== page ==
• says

      Maybe you can have more control over this than you think by working with the venue management to improve the audience experience. It would help all the renters, not just your organization! The venue needs to understand, too, that audiences make choices based on the experiences they have.

  2. Evelyn says

    With the world of social media, huge supply of information and the multitudes of ways of retrieving, or taking in information, the experience lies in the details.

    I think of this topic, all the time. The feel of the experience. Where does it start? where does it end? and what is the actual content or happening of the experience you are attending, or part of. People use the word vibe or energy. But that vibe or energy can be made. It all lies in the details. If one concludes that there is a happening that can be produced. A talent, a performance of any sort. Then the rest is what makes it or breaks it. how is that information gotten to you? Is there live tangible connection to the advertisement? The world of Social Media lends to this. Marketing is no longer 1-2 dimensional. The world of print is barely there but for the reminders. The post cards local artists hand out are the pin ups on our fridges and cork boards to remind us that we have interest. Ad’s of any sort do the same. Oh, yeah I remember seeing them, and look they are in town again. But the live clips, and event postings and personal shout outs to fans, and community is what makes the new world of Advertising work. That is the start. That is where the first feel comes in. Then is location of course, and venue, how your accepted into the community, venue and treated through out the event. There isn’t enough time right now in my life or lines in this comment area to go into full details of what I am thinking all the time, about this one very subject!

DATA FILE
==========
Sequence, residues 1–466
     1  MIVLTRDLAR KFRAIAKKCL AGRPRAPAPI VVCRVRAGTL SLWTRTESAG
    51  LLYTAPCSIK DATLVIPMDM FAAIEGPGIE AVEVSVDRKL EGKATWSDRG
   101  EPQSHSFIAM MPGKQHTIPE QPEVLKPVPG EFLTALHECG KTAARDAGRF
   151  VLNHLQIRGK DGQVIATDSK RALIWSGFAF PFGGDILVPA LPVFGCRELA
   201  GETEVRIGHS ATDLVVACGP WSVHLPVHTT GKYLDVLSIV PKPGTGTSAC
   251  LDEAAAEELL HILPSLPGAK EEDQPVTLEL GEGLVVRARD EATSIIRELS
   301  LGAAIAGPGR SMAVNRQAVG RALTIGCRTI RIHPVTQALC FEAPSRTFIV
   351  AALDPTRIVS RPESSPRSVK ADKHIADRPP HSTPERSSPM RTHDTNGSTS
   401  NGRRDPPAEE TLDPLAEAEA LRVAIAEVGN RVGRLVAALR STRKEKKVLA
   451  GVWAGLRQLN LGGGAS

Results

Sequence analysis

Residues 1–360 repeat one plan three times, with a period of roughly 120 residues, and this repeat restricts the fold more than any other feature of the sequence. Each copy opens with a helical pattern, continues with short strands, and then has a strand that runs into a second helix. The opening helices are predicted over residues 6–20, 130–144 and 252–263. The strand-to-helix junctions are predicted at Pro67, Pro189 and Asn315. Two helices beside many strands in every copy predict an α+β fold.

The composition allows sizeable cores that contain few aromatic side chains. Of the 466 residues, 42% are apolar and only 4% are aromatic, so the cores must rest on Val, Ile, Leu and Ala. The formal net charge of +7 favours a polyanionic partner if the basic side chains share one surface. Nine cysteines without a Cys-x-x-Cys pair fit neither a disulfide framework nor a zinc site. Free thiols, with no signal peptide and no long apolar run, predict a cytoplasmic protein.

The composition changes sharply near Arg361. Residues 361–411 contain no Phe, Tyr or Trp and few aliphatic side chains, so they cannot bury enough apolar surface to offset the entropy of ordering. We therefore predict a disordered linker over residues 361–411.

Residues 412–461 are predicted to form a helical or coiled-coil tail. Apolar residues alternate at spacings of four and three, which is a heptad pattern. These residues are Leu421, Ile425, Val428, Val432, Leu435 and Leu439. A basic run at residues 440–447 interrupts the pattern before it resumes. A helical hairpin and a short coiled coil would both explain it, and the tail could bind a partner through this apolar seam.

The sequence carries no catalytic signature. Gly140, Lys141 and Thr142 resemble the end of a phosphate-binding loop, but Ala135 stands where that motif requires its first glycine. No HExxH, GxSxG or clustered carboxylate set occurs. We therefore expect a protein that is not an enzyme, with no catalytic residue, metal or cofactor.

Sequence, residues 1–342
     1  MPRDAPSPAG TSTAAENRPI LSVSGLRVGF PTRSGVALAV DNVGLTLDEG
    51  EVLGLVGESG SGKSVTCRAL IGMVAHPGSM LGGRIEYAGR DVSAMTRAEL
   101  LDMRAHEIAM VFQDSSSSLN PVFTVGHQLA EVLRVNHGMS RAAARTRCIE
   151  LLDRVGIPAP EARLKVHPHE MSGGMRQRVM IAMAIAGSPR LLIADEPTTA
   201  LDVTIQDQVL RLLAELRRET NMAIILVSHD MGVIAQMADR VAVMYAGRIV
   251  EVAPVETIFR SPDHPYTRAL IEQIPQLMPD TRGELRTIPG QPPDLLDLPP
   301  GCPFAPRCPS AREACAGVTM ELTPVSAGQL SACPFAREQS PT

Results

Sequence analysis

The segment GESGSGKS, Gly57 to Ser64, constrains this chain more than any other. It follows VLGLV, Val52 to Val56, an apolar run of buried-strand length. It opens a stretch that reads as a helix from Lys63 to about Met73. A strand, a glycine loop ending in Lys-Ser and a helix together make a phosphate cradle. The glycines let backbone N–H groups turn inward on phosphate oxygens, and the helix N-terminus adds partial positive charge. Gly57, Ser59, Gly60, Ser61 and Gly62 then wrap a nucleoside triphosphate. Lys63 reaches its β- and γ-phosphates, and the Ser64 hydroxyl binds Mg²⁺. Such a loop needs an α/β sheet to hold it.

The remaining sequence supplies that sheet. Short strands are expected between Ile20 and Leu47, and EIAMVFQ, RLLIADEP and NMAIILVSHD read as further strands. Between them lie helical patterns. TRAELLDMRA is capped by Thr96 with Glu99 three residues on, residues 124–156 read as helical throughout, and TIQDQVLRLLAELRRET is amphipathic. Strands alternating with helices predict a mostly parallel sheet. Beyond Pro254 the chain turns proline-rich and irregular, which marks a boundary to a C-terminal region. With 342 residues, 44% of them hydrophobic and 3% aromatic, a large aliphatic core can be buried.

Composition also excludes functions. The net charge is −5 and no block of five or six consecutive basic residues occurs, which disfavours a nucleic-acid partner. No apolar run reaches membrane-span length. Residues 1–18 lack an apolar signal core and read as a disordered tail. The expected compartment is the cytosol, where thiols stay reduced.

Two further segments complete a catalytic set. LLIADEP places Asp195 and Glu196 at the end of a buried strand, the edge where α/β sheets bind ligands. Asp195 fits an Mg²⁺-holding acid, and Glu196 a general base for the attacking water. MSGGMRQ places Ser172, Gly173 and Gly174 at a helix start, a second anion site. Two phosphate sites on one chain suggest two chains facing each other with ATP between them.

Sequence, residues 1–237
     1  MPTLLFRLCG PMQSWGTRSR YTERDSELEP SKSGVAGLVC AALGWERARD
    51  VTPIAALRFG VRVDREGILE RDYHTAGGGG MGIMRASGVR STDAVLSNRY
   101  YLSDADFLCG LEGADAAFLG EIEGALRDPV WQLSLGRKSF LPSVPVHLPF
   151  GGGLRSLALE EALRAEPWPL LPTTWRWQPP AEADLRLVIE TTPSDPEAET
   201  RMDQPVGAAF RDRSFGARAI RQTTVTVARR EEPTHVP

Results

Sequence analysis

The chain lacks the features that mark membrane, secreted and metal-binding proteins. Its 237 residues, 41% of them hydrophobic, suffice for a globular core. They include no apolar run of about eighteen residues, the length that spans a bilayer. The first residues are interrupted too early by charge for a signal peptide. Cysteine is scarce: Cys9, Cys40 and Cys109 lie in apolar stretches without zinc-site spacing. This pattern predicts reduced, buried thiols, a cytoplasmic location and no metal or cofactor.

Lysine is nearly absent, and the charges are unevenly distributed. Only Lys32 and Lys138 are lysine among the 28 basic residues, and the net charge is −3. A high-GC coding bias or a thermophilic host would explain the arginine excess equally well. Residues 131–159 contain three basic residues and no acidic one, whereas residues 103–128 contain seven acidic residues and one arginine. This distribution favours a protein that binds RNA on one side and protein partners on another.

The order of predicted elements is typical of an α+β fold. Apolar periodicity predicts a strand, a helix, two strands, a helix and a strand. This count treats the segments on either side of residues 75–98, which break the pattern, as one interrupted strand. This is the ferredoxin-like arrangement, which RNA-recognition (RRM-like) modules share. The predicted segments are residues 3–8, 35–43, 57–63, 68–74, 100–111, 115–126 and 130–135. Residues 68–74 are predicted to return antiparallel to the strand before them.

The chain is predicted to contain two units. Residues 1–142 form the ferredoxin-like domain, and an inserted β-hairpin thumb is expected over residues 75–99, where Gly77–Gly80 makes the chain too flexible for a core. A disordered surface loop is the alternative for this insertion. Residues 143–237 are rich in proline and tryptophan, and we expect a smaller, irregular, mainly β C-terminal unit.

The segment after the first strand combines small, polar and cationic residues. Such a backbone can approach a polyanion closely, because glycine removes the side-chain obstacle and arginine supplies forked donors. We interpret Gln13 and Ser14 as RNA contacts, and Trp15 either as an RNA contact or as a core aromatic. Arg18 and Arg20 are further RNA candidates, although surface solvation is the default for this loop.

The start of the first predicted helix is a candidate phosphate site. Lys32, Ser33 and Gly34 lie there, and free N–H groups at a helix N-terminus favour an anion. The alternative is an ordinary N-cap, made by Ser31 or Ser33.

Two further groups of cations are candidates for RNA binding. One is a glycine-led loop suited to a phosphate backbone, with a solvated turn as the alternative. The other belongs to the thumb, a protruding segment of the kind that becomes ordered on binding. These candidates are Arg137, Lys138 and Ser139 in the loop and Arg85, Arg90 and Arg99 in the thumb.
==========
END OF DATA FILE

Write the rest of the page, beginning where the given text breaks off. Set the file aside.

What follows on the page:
3. says